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House of Glass [Format Kindle]

Sophie Littlefield

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Présentation de l'éditeur


Bestselling author Sophie Littlefield delivers a riveting, ripped-from-the-headlines story about a family put to the ultimate test


Jen Glass has worked hard to achieve the ideal life: a successful career, a beautiful home in an affluent suburb of Minneapolis, a seemingly perfect family. But inside the Glass house, everything is spinning out of Jen's control. Her marriage to her husband, Ted, is on the brink of collapse; her fifteen-year-old daughter grows more distant each day; and her five-year-old son barely speaks a word. Jen is on the verge of breaking, but nothing could have prepared her for what is to come….


On an evening that was supposed to be like any other, two men force their way into the Glasses’ home, but what begins as a common robbery takes an even more terrifying turn. Held hostage in the basement for more than forty-eight hours, Jen and Ted must put aside their differences if they are to have any hope of survival. They will stop at nothing to keep their family safe—even if it means risking their own lives.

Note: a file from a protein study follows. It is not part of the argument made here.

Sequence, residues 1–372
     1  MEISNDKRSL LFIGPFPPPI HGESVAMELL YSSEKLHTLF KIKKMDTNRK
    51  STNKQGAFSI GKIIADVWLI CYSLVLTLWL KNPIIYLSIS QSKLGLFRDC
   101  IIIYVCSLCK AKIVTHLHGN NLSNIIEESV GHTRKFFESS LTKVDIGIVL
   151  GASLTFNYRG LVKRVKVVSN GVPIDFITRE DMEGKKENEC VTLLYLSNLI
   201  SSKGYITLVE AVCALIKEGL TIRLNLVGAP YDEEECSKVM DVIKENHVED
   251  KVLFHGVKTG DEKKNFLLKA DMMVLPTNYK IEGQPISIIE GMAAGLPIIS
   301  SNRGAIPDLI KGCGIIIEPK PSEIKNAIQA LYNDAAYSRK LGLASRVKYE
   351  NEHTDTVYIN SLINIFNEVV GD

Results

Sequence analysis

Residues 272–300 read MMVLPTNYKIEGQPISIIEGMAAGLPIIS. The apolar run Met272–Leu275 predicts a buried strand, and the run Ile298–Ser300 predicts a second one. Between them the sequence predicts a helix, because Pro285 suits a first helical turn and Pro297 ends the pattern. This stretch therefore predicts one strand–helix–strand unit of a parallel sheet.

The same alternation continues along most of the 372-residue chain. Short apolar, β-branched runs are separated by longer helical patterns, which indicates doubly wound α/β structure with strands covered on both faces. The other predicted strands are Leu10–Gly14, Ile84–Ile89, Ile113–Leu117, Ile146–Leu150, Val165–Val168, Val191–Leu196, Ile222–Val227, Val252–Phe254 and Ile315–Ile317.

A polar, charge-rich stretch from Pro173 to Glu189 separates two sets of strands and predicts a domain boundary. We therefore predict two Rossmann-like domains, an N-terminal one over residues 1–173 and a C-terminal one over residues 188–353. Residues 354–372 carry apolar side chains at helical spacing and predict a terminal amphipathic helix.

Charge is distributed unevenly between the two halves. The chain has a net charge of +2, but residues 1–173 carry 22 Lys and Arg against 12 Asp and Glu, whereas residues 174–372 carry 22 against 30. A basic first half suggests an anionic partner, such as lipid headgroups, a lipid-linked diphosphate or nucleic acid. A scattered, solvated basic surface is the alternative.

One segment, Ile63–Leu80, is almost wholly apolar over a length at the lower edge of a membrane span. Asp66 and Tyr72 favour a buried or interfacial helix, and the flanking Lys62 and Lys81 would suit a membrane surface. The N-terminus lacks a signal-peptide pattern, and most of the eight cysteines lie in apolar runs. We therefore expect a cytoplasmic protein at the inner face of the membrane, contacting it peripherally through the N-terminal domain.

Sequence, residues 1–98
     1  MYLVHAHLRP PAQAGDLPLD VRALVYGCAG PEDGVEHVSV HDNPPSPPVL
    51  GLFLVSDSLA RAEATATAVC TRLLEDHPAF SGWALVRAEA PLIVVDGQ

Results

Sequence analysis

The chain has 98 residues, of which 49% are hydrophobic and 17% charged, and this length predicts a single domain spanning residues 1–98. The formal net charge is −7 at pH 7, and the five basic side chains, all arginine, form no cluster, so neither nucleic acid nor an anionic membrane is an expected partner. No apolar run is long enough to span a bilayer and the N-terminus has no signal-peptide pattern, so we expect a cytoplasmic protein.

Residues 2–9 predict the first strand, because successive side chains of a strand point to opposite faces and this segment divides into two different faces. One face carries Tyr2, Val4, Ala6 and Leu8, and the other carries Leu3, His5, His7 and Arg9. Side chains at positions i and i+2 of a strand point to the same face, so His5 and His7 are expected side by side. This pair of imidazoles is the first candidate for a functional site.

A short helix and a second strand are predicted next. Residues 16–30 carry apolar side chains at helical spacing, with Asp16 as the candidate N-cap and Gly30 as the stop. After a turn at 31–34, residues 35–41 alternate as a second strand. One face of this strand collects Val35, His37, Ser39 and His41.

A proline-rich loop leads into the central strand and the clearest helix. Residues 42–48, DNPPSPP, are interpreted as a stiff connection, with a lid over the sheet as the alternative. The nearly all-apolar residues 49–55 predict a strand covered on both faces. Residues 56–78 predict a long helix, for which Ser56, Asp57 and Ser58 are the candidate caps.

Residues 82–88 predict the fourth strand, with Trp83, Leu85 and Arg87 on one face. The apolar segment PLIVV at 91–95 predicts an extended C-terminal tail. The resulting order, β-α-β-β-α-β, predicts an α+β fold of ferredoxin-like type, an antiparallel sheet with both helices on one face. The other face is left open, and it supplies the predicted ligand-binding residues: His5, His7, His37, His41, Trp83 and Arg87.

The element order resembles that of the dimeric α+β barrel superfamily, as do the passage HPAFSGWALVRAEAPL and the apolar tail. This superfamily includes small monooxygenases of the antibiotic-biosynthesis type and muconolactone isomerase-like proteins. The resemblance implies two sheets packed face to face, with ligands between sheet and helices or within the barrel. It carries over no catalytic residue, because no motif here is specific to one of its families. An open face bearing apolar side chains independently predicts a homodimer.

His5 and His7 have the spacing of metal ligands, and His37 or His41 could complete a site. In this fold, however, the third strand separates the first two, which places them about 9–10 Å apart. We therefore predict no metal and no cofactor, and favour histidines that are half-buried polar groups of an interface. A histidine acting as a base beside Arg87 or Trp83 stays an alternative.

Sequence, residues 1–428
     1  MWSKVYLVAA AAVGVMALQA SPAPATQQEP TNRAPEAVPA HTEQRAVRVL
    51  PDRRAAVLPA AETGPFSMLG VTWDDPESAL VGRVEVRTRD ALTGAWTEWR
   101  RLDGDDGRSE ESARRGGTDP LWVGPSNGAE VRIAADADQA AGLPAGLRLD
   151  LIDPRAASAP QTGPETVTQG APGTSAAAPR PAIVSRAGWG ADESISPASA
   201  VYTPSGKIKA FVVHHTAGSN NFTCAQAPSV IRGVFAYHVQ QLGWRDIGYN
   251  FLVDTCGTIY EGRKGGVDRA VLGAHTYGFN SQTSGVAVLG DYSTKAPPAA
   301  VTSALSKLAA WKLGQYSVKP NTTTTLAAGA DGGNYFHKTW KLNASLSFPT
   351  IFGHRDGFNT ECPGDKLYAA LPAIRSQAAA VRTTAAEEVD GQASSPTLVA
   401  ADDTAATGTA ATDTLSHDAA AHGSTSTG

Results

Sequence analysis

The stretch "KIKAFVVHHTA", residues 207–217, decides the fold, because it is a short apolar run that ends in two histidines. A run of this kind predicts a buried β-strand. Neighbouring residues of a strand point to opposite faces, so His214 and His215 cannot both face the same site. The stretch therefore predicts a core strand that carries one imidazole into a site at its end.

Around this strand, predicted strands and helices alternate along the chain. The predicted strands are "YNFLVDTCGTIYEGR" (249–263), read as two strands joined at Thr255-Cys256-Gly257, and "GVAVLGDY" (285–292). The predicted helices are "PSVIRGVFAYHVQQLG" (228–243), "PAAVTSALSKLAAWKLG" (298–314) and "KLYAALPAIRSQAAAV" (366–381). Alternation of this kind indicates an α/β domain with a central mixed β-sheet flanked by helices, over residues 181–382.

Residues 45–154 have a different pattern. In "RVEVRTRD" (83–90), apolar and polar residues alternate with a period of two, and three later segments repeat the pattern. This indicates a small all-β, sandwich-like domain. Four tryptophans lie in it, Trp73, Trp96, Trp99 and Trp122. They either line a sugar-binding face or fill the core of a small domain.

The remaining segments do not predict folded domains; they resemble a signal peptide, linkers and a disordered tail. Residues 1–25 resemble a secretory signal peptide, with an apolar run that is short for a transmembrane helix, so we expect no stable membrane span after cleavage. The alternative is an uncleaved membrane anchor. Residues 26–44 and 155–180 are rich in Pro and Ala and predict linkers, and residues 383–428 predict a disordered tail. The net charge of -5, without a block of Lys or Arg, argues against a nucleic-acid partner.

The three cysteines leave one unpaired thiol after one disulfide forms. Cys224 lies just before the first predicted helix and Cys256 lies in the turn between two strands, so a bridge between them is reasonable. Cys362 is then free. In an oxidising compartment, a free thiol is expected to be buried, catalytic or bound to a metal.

A taut and emotional tale of a family brought together by extraordinary forces, House of Glass is a harrowing exploration of both the lengths a mother will go to protect her children, and the power of tragedy to teach us what truly matters.


Détails sur le produit

  • Format : Format Kindle
  • Taille du fichier : 875 KB
  • Nombre de pages de l'édition imprimée : 291 pages
  • Pagination - ISBN de l'édition imprimée de référence : 0778314782
  • Editeur : MIRA; Édition : 1 (1 mars 2014)
  • Vendu par : Amazon Media EU S.à r.l.
  • Langue : Anglais
  • ASIN: B00HELJWFC
  • Synthèse vocale : Activée
  • X-Ray :
  • Word Wise: Non activé
  • Composition améliorée: Activé
  • Classement des meilleures ventes d'Amazon: n°398.303 dans la Boutique Kindle (Voir le Top 100 dans la Boutique Kindle)
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Commentaires client les plus utiles sur Amazon.com (beta)
Amazon.com: 3.9 étoiles sur 5  75 commentaires
13 internautes sur 13 ont trouvé ce commentaire utile 
5.0 étoiles sur 5 Scary Good! 25 février 2014
Par Julie Merilatt - Publié sur Amazon.com
Format:Broché